Christiaan Grootaert establishes endowed scholarship
Christiaan “Chris” Grootaert, former lead economist in the social development department based at the World Bank’s D.C. office, has pledged $250,000 (with an outright gift coupled with his estate gift) to establish the Karen Elaine Chandler Endowed Hawaiʻinuiākea Scholarship Fund for Hawaiian Studies, Dance and Music. The scholarship supports undergraduate students pursuing a degree at the University of Hawaiʻi at Mānoa Hawaiʻinuiākea School of Hawaiian Knowledge who have a strong focus on Hawaiian dance or the combination of Hawaiian dance and music.
Originally from Belgium, Grootaert graduated from UH Mānoa in 1978 with a PhD in economics. This latest gift builds on his earlier generosity. In 2005 he established an endowed scholarship fund at the Department of Economics and in early 2013 he established an endowed scholarship fund at the Hawaiʻinuiākea School of Hawaiian Knowledge, both in his name.
The new scholarship honors Grootaert’s friend and companion, Karen Chandler. “By creating this scholarship, we are honoring Karen’s wish to express her thanks for the cultural enrichment she received through her contact with Hawaiian culture,” said Grootaert.
About Karen Elaine Chandler
Karen Elaine Chandler (1947–2013) grew up in Honolulu and San Diego. She had a long and distinguished career as an attorney and was praised for her expertise, work ethic and dedication. Chandler received numerous awards.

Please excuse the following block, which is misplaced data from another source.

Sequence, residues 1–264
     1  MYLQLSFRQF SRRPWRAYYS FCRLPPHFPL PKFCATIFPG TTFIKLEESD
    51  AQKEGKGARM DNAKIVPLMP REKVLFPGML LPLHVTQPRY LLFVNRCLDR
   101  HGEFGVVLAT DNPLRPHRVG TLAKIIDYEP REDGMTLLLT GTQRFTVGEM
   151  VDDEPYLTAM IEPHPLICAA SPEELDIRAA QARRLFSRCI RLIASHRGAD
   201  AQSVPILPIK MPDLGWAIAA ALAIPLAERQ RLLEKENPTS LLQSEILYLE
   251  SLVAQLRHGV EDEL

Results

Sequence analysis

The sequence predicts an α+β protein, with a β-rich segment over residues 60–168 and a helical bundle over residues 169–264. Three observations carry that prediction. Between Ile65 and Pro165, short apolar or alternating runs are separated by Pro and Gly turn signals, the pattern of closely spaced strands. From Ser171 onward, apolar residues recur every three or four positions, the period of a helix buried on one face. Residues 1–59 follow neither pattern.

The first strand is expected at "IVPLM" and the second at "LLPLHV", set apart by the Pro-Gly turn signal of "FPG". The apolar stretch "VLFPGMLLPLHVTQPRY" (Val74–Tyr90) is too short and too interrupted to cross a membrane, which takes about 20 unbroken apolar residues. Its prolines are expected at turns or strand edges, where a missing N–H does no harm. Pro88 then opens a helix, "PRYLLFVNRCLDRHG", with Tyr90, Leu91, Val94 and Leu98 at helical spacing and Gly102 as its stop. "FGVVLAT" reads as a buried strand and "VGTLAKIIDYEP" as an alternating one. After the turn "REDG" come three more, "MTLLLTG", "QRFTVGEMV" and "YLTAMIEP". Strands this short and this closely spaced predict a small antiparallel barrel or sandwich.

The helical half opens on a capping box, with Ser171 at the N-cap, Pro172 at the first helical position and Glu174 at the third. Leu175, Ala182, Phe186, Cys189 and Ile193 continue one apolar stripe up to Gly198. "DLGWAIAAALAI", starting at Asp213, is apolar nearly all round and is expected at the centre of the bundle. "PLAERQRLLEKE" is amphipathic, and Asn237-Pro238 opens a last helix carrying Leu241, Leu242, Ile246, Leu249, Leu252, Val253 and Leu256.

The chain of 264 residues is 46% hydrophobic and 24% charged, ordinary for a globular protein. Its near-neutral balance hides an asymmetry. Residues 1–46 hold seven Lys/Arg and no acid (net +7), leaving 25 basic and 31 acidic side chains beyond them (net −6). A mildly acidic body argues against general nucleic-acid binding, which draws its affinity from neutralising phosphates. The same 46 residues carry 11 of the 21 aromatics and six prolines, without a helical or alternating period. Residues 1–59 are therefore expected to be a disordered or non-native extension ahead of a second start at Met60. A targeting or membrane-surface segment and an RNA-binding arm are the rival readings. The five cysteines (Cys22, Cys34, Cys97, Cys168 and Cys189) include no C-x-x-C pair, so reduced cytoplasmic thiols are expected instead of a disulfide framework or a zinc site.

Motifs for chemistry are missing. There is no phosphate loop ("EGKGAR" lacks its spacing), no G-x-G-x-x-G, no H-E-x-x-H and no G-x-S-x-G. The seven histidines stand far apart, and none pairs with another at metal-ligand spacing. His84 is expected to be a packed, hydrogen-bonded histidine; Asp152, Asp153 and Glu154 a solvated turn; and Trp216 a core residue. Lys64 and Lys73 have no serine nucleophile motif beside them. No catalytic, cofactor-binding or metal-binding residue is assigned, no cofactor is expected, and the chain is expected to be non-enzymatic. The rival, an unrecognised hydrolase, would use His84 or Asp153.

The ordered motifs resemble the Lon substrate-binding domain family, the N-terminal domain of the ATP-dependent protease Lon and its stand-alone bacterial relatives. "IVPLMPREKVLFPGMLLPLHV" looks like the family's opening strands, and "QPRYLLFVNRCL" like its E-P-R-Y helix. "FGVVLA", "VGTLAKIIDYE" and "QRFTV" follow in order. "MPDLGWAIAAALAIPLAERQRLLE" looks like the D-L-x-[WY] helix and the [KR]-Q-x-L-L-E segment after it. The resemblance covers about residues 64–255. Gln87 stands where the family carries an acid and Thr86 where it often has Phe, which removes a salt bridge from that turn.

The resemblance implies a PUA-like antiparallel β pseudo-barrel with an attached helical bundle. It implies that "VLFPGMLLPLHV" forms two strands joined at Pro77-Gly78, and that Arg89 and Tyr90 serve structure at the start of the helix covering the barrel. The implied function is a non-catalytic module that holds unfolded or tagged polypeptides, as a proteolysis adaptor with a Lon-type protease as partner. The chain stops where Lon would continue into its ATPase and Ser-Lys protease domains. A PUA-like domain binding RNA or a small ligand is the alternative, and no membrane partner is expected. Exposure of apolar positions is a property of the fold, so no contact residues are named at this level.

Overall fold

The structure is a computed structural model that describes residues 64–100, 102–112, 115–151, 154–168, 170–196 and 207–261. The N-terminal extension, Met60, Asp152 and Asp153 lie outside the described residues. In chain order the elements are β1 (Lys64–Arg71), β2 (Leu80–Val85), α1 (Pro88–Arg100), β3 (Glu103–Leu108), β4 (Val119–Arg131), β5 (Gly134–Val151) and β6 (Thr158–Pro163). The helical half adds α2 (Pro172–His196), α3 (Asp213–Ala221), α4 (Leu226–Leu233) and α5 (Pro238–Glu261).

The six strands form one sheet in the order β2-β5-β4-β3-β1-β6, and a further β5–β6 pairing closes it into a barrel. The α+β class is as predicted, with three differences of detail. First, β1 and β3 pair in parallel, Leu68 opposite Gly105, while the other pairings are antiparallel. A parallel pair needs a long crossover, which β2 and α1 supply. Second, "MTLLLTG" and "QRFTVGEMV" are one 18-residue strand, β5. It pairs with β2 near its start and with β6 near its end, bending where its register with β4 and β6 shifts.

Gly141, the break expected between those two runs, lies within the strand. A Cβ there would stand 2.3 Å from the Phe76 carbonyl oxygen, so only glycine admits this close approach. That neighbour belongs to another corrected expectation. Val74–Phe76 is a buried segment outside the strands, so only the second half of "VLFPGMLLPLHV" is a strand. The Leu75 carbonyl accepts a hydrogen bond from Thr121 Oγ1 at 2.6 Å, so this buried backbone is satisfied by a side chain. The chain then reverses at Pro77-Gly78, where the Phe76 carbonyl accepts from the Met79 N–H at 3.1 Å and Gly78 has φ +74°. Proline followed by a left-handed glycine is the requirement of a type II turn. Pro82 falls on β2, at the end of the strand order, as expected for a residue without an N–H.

Chandler pursued a life of cultural enrichment and was an avid student of the arts. Her childhood love of Hawaiian dance led to a life-long appreciation of Hawaiian culture, especially dance and music. Her final wishes included the creation of this scholarship fund to help students pursue Hawaiian studies and the art of Hawaiian dance and music.
Hawaiʻinuiākea School of Hawaiian Knowledge Dean Maenette Benham said, “This scholarship honors a remarkable woman and will make an important contribution towards preserving and revitalizing those elements of Hawaiian culture rooted in and expressed through dance and music. We are most grateful.”
For more, visit the University of Hawaiʻi Foundation news release.
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